“The power under the constitution will always be in the people. It is entrusted for certain defined purposes, and for a certain limited period, to representatives of their own choosing; and whenever it is executed contrary to their interest, or not agreeable to their wishes, their servants can and undoubtedly will, be recalled.”

~ George Washington (1787)

Sunday, March 3, 2013

“The most dangerous power of the prosecutor: ...

".......that he will pick people he thinks he should get, rather than pick cases that need to be prosecuted."

Professor Glen Reynolds (Beauchamp Brogan Distinguished Professor of Law, University of Tennessee. J.D. Yale Law School, 1985) takes that quote from former Supreme Court Justice Robert Jackson for his paper "Ham Sandwich Nation: Due Process When Everything Is A Crime".  In it, he discusses the impacts of potential prosecurtorial over reach given the quantity of laws and regulations in America today.  As Professor Reynolds says:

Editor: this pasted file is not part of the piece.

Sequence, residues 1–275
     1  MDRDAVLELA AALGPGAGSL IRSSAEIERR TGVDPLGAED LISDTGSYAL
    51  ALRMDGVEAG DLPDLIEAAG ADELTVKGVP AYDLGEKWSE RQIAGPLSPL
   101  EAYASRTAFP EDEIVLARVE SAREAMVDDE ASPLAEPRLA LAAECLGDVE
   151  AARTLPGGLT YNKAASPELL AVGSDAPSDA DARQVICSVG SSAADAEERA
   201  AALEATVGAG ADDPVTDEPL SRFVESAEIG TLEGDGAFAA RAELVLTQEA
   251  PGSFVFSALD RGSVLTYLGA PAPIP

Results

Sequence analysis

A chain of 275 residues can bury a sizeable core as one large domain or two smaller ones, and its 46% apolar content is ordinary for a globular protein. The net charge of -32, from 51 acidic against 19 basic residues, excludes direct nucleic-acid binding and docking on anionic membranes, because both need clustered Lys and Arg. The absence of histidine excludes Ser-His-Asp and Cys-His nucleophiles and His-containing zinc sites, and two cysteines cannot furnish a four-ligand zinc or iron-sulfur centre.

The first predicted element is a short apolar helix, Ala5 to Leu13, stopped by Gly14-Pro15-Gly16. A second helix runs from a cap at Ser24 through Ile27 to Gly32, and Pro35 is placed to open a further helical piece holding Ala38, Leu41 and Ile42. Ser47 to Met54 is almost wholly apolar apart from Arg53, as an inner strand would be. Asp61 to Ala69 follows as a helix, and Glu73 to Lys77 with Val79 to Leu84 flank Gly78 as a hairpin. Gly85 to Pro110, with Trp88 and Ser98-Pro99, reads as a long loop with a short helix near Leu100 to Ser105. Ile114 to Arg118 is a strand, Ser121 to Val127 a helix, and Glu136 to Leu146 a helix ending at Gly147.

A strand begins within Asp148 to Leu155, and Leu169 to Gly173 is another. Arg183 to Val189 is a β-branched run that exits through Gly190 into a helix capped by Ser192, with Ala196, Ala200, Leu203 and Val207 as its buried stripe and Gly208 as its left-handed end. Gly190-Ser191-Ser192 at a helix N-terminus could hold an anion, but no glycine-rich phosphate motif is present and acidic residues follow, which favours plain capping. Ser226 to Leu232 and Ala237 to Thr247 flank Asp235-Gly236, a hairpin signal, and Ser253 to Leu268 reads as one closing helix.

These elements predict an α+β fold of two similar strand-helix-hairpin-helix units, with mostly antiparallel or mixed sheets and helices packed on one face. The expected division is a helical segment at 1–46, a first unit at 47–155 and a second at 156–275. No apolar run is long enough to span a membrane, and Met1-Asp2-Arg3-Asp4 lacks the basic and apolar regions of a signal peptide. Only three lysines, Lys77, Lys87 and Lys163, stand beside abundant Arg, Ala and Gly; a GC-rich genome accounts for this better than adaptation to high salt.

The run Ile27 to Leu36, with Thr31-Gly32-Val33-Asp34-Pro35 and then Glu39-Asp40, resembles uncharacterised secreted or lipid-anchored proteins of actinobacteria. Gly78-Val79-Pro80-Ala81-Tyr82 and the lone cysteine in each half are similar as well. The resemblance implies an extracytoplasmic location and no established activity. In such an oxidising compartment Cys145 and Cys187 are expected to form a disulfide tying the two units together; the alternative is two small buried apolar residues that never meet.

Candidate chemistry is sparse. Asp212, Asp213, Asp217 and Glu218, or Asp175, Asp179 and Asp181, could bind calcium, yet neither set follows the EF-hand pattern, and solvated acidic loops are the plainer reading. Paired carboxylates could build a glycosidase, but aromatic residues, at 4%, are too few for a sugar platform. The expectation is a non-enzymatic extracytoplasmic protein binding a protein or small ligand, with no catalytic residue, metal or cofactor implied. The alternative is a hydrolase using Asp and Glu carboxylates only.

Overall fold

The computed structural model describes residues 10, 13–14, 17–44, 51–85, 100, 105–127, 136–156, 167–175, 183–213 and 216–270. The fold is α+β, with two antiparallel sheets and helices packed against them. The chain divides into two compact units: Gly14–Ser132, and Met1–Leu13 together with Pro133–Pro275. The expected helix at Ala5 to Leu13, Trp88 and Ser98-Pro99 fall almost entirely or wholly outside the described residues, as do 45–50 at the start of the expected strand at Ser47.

Given the vast web of legislation and regulation that exists today, virtually any American is at risk of prosecution should a prosecutor decide that they are, in Jackson’s words, a person “he should get.”
That doesn't everyone will be prosecuted in such a fashion, and Professor Reynolds offers a broad overview of the problem, and a discussion of options to address it.  It's written in non-legal language, and offers the lay person an idea of how Byzantine the legal system can be, and some ideas to offer to legislators on how fix it.  The example involving firearms is quite recent, and is a good reason to read this.

A copy has been downloaded to our local archives, and can be found here.